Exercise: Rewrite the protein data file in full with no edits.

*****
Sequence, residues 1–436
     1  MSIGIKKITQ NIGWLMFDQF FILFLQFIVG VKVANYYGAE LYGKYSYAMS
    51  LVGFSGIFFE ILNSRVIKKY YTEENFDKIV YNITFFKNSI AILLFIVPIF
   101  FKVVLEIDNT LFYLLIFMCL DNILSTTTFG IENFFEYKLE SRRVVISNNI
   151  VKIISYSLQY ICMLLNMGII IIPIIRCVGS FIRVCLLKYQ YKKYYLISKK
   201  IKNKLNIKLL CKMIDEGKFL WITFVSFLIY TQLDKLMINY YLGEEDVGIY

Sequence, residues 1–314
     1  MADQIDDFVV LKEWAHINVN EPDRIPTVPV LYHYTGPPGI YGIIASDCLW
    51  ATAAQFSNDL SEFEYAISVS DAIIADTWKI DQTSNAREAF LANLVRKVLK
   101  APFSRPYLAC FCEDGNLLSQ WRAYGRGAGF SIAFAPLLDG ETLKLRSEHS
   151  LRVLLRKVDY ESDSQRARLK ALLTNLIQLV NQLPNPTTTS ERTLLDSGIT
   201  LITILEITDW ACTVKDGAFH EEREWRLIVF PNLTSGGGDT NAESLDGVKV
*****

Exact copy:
Sequence, residues 1–436
     1  MSIGIKKITQ NIGWLMFDQF FILFLQFIVG VKVANYYGAE LYGKYSYAMS
    51  LVGFSGIFFE ILNSRVIKKY YTEENFDKIV YNITFFKNSI AILLFIVPIF
   101  FKVVLEIDNT LFYLLIFMCL DNILSTTTFG IENFFEYKLE SRRVVISNNI
   151  VKIISYSLQY ICMLLNMGII IIPIIRCVGS FIRVCLLKYQ YKKYYLISKK
   201  IKNKLNIKLL CKMIDEGKFL WITFVSFLIY TQLDKLMINY YLGEEDVGIY

Sequence, residues 1–314
     1  MADQIDDFVV LKEWAHINVN EPDRIPTVPV LYHYTGPPGI YGIIASDCLW
    51  ATAAQFSNDL SEFEYAISVS DAIIADTWKI DQTSNAREAF LANLVRKVLK
   101  APFSRPYLAC FCEDGNLLSQ WRAYGRGAGF SIAFAPLLDG ETLKLRSEHS
   151  LRVLLRKVDY ESDSQRARLK ALLTNLIQLV NQLPNPTTTS ERTLLDSGIT
   201  LITILEITDW ACTVKDGAFH EEREWRLIVF PNLTSGGGDT NAESLDGVKV